What is powertrain? There are many parts that contribute to a vehicle’s ability to get from place to place. The powertrain is a system made of several components that work to get energy transferred from the engine to the wheels to make a car to move.
A quality powertrain is essential to help a vehicle reach proper acceleration. Keep reading to learn more about how the system works and the different roles each part in the system plays.
What is powertrain?
A powertrain is a system inside a vehicle, boat or another type of machinery. The system is designed to propel the vehicle forward. In a car, a powertrain consists of the engine or motor and its internal components, such as the energy storage system, transmission and driveshaft.
In a conventional internal combustion engine (ICE), the powertrain converts the stored gasoline or diesel energy to kinetic energy in the engine and transfers it via the transmission, driveshaft and differential as torque to the wheels of the vehicle, propelling it forward.
The vast majority of powertrain systems in production today are based on ICEs. These can either be spark ignition (SI) in the case of gasoline or compression ignition (CI) for diesel. Electrification of road vehicles has significantly increased the production of both hybrid engines, which use a mix of ICE and electrified powertrains, and fully electrified systems.
The energy for electrified systems can come from a range of sources, including onboard generation, plug-in charging or even hydrogen fuel cells.
How does a powertrain work?
The powertrain encompasses many parts that work together to push a vehicle forward by creating power from the engine, which is then sent to the wheels. The term drivetrain is sometimes used interchangeably with powertrain; however, the drivetrain is just a way to describe all parts of the powertrain that are not related to the engine.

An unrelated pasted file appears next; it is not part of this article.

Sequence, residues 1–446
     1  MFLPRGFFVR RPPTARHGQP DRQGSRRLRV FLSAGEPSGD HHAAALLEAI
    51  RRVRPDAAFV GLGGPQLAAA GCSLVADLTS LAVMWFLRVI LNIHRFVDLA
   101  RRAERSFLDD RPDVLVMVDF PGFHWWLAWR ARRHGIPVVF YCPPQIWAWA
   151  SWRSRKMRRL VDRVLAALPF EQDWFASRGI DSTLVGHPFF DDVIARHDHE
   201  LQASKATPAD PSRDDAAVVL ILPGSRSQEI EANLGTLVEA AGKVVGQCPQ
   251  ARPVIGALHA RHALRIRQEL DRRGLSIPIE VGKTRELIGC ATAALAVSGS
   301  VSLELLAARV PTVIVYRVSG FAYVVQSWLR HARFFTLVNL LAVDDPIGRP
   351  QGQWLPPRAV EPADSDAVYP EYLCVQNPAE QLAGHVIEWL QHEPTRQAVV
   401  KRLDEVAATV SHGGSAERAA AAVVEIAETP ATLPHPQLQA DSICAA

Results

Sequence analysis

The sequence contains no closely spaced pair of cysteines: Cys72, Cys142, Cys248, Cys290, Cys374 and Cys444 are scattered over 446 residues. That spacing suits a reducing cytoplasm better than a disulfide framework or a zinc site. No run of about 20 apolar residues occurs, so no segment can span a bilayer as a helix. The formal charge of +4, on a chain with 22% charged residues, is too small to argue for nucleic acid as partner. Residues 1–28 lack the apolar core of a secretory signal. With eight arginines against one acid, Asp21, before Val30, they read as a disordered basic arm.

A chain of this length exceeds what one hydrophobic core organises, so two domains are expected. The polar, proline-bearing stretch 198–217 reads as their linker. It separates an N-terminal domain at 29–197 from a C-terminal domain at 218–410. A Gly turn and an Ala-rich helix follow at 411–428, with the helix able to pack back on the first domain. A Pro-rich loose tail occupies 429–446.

Let’s break down each one by one:
- Engine: As the heart of your vehicle, an engine generates power to drive the car. An engine consists of pistons that move up and down inside cylinders and a crankshaft that translates the reciprocating motion into a rotating motion.
- Transmission: A transmission is a basic component in your car that makes sure the proper amount of power is transmitted to the wheels. Like a car’s gearbox, the transmission takes the power from the engine and adjusts it according to driving conditions, ultimately transferring it to the wheels.
- Driveshaft: A driveshaft is a component that transfers the torque from the transmission to the wheels. To perform this task, it has to work through various angles and change its length to adjust to movement in the suspension.
- Axles: Axles are an important member of a powertrain. It lies between the wheels and mainly performs two functions: first, it puts up with the weight of the vehicle and it also rotates and transmits the power of the engine to the wheels.